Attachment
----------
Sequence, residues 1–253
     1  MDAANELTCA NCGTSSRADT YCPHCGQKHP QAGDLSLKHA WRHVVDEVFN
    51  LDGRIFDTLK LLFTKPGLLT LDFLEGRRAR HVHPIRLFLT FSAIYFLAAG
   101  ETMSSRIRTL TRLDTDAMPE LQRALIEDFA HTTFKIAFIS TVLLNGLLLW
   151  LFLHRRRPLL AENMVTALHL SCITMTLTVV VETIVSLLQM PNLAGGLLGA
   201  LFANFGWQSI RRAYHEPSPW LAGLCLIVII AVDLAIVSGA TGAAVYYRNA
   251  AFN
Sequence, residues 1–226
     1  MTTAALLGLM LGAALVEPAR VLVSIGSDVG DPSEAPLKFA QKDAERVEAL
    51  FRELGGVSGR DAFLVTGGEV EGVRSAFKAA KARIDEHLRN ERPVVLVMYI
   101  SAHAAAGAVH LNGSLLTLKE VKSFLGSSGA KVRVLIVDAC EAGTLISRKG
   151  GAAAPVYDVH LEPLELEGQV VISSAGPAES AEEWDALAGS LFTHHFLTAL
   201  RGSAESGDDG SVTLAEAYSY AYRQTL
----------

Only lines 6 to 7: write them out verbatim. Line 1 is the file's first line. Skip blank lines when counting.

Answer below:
   201  LFANFGWQSI RRAYHEPSPW LAGLCLIVII AVDLAIVSGA TGAAVYYRNA
   251  AFN